The light heavyweight hopes his commitment will pay off this Thursday night at Brooklyn’s Red Hook Police Athletic League, where he attempts to end his quarterfinal jinx in the New York Daily News Golden Gloves tournament.
His opponent in the last eight of a competitive open class division will be known after the draw is made before the start of the 8 p.m. show.
“I’ve been going to different gyms where [trainer] Edwin Martinez has put me in with a lot of good quality fighters, including Lonnie Bradley,” the 29-year-old Yonkers carpenter said, referring to the former WBO middleweight champion. “I’ve really learned a lot.”
This emphasis on sparring four nights a week showed in O’Regan’s first match in the tournament two weeks ago, a split points decision over the Bronx’s Joseph Anderson that was not as close as the scoring suggested.
The Limerick native came out strong against Anderson and forced the action from the first bell, landing the better shots in the first three rounds despite a lot of grappling in the second and third stanzas.
It’s part of O’Regan’s new boxing approach mooted by the Puerto Rican-born Martinez, who fought professionally as a light welterweight.
“Edwin doesn’t want me backing up,” O’Regan said. “Since strength is my forte, he says I should be using my strength to attack and not back up.”
Martinez’s plan is to mold the durable O’Regan, a 5-foot-11 former soccer player, into a Rocky Marciano-type pressure fighter with a potent left hook.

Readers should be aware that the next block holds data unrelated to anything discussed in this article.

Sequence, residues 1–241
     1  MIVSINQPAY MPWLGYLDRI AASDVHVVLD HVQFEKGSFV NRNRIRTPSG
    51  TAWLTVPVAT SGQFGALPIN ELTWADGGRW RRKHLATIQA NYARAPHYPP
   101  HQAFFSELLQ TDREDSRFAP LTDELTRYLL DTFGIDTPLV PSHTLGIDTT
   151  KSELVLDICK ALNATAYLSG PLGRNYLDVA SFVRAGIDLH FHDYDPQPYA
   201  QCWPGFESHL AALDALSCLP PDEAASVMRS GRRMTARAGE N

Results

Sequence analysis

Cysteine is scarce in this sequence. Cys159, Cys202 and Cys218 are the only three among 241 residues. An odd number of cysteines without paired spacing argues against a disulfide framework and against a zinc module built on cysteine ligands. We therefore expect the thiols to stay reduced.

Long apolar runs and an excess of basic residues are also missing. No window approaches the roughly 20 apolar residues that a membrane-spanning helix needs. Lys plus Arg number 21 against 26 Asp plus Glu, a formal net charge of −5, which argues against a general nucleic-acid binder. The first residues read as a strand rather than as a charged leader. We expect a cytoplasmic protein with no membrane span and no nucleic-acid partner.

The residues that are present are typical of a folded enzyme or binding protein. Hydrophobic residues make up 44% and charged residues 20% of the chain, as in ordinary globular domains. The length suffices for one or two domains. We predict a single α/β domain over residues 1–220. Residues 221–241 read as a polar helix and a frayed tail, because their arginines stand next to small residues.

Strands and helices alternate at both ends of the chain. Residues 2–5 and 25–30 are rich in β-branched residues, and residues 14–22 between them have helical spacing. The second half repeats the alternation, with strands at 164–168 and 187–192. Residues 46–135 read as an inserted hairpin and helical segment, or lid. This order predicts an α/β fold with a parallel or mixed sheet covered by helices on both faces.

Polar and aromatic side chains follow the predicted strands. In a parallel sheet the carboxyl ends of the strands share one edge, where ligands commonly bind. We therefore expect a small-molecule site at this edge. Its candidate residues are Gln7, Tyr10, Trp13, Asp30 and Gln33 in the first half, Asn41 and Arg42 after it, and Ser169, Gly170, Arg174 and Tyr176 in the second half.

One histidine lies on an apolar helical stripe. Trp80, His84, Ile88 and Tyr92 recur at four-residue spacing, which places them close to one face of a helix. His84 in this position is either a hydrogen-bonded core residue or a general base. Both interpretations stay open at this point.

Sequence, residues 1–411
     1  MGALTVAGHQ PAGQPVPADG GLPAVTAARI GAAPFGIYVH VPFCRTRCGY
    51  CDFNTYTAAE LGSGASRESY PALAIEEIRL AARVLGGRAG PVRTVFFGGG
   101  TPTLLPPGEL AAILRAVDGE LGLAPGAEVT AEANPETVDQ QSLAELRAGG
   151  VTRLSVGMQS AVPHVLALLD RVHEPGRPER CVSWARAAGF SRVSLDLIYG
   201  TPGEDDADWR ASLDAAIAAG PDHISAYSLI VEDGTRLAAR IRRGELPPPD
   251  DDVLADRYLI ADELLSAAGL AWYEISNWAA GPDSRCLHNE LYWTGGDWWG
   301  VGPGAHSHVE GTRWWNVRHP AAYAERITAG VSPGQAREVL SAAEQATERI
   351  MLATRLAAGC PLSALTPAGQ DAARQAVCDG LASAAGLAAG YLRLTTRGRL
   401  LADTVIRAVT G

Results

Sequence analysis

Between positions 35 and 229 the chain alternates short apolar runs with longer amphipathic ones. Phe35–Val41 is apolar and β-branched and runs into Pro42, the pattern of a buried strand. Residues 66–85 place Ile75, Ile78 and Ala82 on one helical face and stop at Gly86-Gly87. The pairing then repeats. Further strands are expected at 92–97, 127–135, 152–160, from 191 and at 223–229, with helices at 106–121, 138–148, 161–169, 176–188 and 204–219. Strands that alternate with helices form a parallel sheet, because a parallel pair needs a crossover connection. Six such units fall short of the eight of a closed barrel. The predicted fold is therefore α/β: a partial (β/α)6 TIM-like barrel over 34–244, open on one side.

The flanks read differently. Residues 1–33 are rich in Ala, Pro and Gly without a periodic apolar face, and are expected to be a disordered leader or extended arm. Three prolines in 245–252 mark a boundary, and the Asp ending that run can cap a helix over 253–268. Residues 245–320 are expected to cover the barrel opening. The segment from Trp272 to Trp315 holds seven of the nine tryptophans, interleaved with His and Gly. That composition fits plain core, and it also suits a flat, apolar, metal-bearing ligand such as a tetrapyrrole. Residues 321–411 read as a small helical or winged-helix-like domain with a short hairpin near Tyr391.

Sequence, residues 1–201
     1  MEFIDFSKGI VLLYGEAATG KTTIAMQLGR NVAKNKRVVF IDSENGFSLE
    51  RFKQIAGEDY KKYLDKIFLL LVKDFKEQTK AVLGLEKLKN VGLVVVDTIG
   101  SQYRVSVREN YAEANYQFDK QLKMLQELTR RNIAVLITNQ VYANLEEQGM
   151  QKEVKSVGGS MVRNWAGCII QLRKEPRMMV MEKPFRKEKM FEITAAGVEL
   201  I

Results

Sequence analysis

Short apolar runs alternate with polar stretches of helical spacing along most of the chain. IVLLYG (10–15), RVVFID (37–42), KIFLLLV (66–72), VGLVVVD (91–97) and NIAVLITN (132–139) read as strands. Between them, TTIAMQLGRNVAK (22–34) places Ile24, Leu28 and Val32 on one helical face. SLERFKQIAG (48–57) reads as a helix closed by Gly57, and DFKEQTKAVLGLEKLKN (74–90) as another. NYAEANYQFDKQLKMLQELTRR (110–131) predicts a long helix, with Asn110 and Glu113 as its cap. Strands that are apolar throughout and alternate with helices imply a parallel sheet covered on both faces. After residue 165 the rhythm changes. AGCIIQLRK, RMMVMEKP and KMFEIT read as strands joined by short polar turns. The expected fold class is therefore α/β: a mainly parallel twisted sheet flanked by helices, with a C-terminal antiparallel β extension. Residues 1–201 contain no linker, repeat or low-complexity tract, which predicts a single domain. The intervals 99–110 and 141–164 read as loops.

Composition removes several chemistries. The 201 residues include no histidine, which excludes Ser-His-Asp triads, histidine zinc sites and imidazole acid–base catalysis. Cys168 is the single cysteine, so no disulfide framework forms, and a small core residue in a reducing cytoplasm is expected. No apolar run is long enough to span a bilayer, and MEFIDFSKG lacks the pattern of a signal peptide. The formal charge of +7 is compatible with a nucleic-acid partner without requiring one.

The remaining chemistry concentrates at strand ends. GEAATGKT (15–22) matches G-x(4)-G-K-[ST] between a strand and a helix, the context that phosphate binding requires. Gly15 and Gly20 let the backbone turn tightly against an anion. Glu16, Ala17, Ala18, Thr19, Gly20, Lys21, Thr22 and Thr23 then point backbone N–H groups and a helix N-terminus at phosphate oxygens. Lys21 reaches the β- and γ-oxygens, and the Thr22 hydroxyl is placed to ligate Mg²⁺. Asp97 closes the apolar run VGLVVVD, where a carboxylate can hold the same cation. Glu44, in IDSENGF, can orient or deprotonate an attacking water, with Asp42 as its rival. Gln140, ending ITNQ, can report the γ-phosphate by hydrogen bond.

“He uses Rocky as an example and says the difference between a good boxer and a brilliant boxer is the left hook,” O’Regan said.
The fighter rates Martinez as the best trainer he’s worked with, a fact he could validate by reaching the Golden Gloves semifinals for the first time in three attempts.
Sizing up the quarterfinal field, O’Regan said: “There’re some good boxers there including [William] Rosinsky, who I beat last year and is now nationally ranked. But I’m feeling good and looking forward to it.”
O’Regan outpointed Rosinsky, a semifinalist in 2003 when the Irishman sat out the Gloves, in the first round of the 165-pound novice competition last year.
Win or lose this could be O’Regan’s swan song in the world’s oldest and most prestigious amateur boxing tournament outside the Olympic Games.
The 2002 and ’04 quarterfinalist suggested that his wife, Sharon, could have the final say on if he’ll compete again next year.
“The time and effort needed to prepare for the tournament is tremendous, especially if you’re working,” he said.
The Red Hook PAL is at 110 West 9th St. in Red Hook, Brooklyn.
Pascal Collins, the young brother of ex-world middleweight champion Steve Collins, is back in Boston to resume his professional career after a six-year layoff.
The 33-year-old Dubliner, whose last bout was a points loss to Richard Grant in Rhode Island in May 1999, is scheduled to appear in super middleweight contest at the Dorchester Armory on March 11.
Also on the card that night will be Galway middleweight Martin Thornton (9-1-1, 4 KOs) in a rematch of his fifth round TKO victory over Khalif Shabazz last October.
Eddie McLoughlin is predicting a stunning upset by his fighter John Duddy when he meets undefeated middleweight Leonard Pierre in a nationally televised bout from the Foxwoods Casino on March 18.
“I’ll be very surprised if [Pierre] gets out of the first half of the fight,” the Irish Ropes Promotions proprietor said. “Obviously, there’s an element of risk because this guy is heavy handed with both hands. But I’ve seen him fight and broken him down. I think he’s tailor made for John.”
Pierre, a prot